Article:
Besides, I think the real-estate market is due to correct in places like San Diego, the Bay Area, Washington D.C., and Boston, and would recommend against buying in those places ... period. If housing costs are totally out-of-line with incomes, as it is in these places, only two scenarios are possible: 1) the real-estate market is in a bubble that will soon burst - buy and lose your shirt in a few years; or 2) the market is constrained by inadequate supply and too much out-of-town money chasing it, and you will never be able to afford a decent place anyway.

So my thought is: Don't get too attached to Vancouver as a place to live permanently. After your year-long assignment is up, move somewhere less expensive, where your starting salary will be sufficient to buy a small house. Then you can enjoy your privacy (and kick-ass subwoofer) without the pressure of trying to buy into a market that's priced you out.
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#12 of 19 OFFLINE   Mark Philp

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Posted December 19 2004 - 03:34 PM

Jonny K:You can still enjoy your home theatre, regardless where you live if you invest in a really good set of headphones. While I don't have this kind, they do make the ones with the 5.1 processors that give a good illusion (so I'm told) of the real thing. If you only have experienced cheap phones check out the higher end ones I think you'll be surprised. Because of my work schedule, I watch most of my movies after midnight, long after my wife and neighbors have gone to bed (not together of course). It works for me and I don't feel deprived by not being able to use my speakers.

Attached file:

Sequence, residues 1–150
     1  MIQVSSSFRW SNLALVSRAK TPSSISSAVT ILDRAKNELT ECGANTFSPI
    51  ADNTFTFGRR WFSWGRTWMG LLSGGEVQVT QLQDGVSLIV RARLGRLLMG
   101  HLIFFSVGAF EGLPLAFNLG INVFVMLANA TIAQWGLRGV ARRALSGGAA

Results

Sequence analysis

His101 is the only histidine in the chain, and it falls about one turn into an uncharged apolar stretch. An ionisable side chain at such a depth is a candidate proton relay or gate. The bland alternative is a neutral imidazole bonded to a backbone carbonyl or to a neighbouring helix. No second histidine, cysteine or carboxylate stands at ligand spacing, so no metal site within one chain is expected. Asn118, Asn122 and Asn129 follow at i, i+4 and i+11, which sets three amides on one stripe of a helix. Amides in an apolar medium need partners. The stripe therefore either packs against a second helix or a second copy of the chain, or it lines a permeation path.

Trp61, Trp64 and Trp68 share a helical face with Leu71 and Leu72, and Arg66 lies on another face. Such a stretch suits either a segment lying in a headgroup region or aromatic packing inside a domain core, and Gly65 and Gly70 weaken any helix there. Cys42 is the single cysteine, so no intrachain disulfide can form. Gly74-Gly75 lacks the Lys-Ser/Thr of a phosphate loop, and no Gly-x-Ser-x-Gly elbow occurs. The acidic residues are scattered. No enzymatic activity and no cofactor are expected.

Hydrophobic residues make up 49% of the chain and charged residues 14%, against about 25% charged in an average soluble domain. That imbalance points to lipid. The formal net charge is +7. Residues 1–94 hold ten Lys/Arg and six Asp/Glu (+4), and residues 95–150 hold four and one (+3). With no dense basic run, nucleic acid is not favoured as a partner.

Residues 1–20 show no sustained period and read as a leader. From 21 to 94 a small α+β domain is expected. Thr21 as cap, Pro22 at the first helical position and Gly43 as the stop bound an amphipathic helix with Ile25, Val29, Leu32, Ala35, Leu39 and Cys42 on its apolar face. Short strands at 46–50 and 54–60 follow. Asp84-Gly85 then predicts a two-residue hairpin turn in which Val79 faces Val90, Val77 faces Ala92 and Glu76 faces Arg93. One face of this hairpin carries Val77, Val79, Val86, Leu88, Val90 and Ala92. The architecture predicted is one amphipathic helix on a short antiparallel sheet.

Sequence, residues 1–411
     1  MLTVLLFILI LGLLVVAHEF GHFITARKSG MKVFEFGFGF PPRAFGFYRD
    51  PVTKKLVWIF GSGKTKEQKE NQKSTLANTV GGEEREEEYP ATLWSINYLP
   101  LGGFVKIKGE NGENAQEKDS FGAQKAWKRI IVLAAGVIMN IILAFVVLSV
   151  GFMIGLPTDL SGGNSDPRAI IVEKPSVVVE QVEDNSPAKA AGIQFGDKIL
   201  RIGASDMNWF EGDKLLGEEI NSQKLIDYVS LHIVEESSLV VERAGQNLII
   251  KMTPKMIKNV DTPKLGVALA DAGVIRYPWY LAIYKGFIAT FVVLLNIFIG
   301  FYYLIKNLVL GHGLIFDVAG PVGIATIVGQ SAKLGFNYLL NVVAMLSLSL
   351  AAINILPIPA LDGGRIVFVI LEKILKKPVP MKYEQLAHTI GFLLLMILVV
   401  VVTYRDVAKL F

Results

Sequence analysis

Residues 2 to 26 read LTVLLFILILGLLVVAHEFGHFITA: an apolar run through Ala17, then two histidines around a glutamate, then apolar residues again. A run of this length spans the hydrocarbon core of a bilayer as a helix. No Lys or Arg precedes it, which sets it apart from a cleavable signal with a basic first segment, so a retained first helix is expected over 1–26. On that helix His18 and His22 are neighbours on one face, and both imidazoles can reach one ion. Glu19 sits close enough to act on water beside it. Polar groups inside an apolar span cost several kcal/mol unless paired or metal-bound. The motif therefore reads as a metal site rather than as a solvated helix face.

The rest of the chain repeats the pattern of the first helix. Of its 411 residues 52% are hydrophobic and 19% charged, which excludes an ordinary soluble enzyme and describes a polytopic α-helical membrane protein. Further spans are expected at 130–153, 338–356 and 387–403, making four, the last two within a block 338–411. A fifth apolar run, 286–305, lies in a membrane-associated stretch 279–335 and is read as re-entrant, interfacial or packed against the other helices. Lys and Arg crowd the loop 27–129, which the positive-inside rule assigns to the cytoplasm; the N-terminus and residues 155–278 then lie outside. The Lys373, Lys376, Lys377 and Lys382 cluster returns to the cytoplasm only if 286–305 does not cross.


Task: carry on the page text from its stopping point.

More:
#13 of 19 OFFLINE   Jonny K

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Posted December 19 2004 - 05:48 PM

First of all, regarding investing:

What makes you think that "portfolio" only implies stocks? Posted Image My primary investment interest is real estate!

Regarding living in expensive Vancouver:

It's much cheaper to live in Calgary (where I'm from) than Vancouver. It's much cheaper to live in many places. But I've recently gotten a great job at a great company who's offices are located primarily in California and Vancouver. After graduating I think I'll want to stick with this company for at least a few years until I get my feet thoroughly wet. It was hard enough to get here...I'm not going to just give it all away so soon!

Regarding high end headphones:

Yes, I actually do own a set of (moderatly) high end headphones. I bought them in preperation for moving into an apartment where I can't blast speakers. But the whole fun of the bass is feeling it - not hearing it! Movies just aren't the same if I'm not vibrating along with them. Posted Image